But the short silver ETF was different. Everytime I got some extra options income, I just plowed it into more shares of the ETF. When I got some more Option to Profit royalties? Same thing, more ETF shares, as silver just kept rising.

So after this week, as the market and metals both plummeted, I am still breathing, thanks to the metals that I swore to eschew years ago. Although I didn’t take profits, instead selling enriched call options, it was like getting a big royalty payment.

I guess that being short, and leveraging to boot, is consistent with the earlier stance.

Come Monday, instead of being shell shocked, I’m ready to do battle, thanks to the anti-silver, almost like Kryptonite, except that anti-silver stopped evil.

Instead of writer’s block, I have inspiration from an unknown reader in Nepal.

Well, that’s all fine and good for yesterday, but we’ll just have to see what will bring inspiration in time for tomorrow’s blog.

Like an addict needing more and more to get the same effect, I may need something a lot more exotic than Nepal.

Maybe something like getting Paul Kedrosky or Jane Wells to follow me on Twitter, or even write a guest blog when I’m away.

But then what?

And that’s exactly the problem. That’s the human condition. Maybe if I went to Nepal and hiked up some lofty mountain to seek spiritual meaning, I might find some. I might find that inspiration comes from within and that we don’t need to enslave our souls by seeking inspiration outside of our souls.

Spirituality sounds great.


My guess is that upon meeting my spiritual mentor wannabe and being proposed the deeper benefits of meditation, I’ll be pleased to find that my specially chosen mantric phrase is “Csokolj meg a seggem”

Thank you Twitter.



7 Reasons why Criminal Life is Great

Following Wednesday’s Moodys downgrades of Wells Fargo and Bank of America, fresh off the heels of a downgrade of Italian debt on Monday, it was not going to be a good day. The only hope was that maybe our Bernanke led Federal Reserve would pull an incredible rabbit out of its hat and just turn things around.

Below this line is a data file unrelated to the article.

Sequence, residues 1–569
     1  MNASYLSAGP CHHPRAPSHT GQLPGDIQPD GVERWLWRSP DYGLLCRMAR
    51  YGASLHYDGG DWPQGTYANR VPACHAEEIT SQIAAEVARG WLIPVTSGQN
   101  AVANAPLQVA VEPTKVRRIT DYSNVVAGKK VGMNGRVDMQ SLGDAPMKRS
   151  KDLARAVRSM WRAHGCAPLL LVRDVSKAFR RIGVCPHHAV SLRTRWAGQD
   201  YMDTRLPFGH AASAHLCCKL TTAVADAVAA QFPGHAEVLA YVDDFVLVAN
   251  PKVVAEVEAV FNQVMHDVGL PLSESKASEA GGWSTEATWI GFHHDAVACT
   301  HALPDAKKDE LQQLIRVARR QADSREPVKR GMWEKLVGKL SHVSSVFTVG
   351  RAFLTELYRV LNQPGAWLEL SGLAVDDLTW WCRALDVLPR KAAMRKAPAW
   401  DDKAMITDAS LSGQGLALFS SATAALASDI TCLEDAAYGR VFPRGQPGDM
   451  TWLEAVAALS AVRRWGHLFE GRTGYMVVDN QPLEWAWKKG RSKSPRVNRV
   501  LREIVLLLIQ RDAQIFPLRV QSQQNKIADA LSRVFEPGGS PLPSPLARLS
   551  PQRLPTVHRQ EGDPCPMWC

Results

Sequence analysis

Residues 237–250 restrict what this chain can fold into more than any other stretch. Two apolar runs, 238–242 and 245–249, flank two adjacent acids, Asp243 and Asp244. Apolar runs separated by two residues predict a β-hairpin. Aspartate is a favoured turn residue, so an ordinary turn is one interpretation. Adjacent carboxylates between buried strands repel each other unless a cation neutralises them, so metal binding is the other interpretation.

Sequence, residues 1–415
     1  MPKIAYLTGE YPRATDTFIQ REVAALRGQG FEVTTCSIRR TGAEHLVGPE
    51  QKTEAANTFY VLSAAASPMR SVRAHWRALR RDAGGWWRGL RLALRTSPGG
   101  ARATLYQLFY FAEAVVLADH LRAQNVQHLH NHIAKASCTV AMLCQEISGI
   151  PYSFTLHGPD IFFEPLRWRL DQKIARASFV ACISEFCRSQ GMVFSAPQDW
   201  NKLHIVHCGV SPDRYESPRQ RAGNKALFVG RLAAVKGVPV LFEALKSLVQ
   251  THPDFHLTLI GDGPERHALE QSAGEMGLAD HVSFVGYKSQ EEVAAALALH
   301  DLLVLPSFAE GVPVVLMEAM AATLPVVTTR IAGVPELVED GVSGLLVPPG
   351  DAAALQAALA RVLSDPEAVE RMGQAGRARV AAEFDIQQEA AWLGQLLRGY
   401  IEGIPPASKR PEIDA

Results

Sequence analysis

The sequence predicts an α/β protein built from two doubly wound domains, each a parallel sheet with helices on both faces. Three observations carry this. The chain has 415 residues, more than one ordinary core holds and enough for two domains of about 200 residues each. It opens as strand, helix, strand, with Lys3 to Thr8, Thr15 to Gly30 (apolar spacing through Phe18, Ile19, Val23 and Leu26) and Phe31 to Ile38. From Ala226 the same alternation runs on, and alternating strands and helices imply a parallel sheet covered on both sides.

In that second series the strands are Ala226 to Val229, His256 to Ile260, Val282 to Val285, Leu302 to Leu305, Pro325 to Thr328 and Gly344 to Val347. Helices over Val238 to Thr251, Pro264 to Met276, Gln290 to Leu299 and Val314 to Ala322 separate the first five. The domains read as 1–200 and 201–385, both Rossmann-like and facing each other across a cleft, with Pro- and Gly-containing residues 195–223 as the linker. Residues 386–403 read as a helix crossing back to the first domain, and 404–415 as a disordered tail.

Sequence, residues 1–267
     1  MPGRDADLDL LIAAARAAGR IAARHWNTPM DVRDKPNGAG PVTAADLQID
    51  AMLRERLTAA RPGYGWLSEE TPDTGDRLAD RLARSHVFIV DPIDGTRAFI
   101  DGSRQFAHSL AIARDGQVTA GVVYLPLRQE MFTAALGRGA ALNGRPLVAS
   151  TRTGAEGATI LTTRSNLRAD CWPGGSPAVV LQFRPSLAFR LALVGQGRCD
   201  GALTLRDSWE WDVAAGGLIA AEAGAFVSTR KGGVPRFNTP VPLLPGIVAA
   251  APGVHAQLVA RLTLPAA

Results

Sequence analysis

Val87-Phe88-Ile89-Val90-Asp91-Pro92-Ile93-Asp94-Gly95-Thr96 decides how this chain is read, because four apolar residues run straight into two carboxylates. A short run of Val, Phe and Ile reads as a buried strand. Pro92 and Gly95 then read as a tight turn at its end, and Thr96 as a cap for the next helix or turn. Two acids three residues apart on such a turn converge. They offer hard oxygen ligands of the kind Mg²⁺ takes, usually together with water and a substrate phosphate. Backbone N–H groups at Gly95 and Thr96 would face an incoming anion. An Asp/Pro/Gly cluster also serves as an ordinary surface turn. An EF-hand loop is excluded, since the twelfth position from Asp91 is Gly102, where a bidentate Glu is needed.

But for the most part, everyone was just waiting for the anticipated “Operation Twist” and its details before commiting one way or another.
Once those details came from the FOMC, which was uncharacteristically following Obama time for release of its statement, the market didn’t like the description of our current economic state. Maybe it just couldn’t deal with the fact that there were three dissenting votes
In a couple of blinks we went from being up 14 points to down 283.
Just another day at the office, dear. Just a little bit of dissent in the ranks.
Surprisingly, I don’t feel like talking about stocks today, as I took another, largely unhedged pummeling, getting only two call sales made, both on beaten down RIverbed Technolgy, which was probably riding Hewlett Packard’s coat-tails up this afternoon, as Leo Apotheker, its CEO of almost 12 months was rumored to bedismembered by coyotes.
Instead, I need to come clean and this is a good time as any.
It’s not easy saying this, but at some point the truth needs to come out.
No, I’m not a virgin. A game of Twister, years ago, took care of that. And if I was, I don’t think that I would admit it.
But as I sit and really think about it, the criminal life is great. The problem is that I’m not a criminal, but there’s still time to re-invent myself. In a society where so many occupations are disappearing, there will always be criminality. Some things can’t be entirely shipped offshore, even if the Nigerian princes are more authentic 10,000 miles away.
So then there’s the whole credibility issue.
I suppose that everyone is a criminal by some definition. Depends on your society and your own personal values and especially how those values may be at odds with others, especially those with power. The guy who “pied” Rupert Murdoch during the Parliamentary hearings is a criminal, although most people watching the proceedings were probably equally criminal, at least in intent.
Years ago, when Jimmy Carter was running for the Presidency, during a Playboy interview he admitted to having “lusted in his heart”. Nothing really criminal about that, but had he said that 20 years earlier he would have been condemned as a godless pariah and cast to the bottom of the heap with the other low lives.
Even Mother Teresa had her detractors, so much so that some theologians, perhaps of dubious merit themselves, believe that she is consigned to eternal imprisonment in Hell.